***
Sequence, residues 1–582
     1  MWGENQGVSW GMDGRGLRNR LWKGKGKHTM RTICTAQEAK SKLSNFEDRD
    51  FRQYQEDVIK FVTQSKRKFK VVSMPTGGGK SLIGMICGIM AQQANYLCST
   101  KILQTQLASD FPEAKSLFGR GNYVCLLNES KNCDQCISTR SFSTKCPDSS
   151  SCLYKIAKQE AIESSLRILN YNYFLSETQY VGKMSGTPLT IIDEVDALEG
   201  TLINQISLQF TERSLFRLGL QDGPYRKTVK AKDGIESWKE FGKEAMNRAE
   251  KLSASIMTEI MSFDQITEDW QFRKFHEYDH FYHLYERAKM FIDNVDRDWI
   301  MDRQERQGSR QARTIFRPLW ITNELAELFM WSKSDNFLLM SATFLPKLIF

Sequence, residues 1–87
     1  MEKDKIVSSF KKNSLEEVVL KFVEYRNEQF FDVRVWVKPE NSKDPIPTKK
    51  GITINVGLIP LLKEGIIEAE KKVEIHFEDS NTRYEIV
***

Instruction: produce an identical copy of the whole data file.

Sequence, residues 1–582
     1  MWGENQGVSW GMDGRGLRNR LWKGKGKHTM RTICTAQEAK SKLSNFEDRD
    51  FRQYQEDVIK FVTQSKRKFK VVSMPTGGGK SLIGMICGIM AQQANYLCST
   101  KILQTQLASD FPEAKSLFGR GNYVCLLNES KNCDQCISTR SFSTKCPDSS
   151  SCLYKIAKQE AIESSLRILN YNYFLSETQY VGKMSGTPLT IIDEVDALEG
   201  TLINQISLQF TERSLFRLGL QDGPYRKTVK AKDGIESWKE FGKEAMNRAE
   251  KLSASIMTEI MSFDQITEDW QFRKFHEYDH FYHLYERAKM FIDNVDRDWI
   301  MDRQERQGSR QARTIFRPLW ITNELAELFM WSKSDNFLLM SATFLPKLIF

Sequence, residues 1–87
     1  MEKDKIVSSF KKNSLEEVVL KFVEYRNEQF FDVRVWVKPE NSKDPIPTKK
    51  GITINVGLIP LLKEGIIEAE KKVEIHFEDS NTRYEIV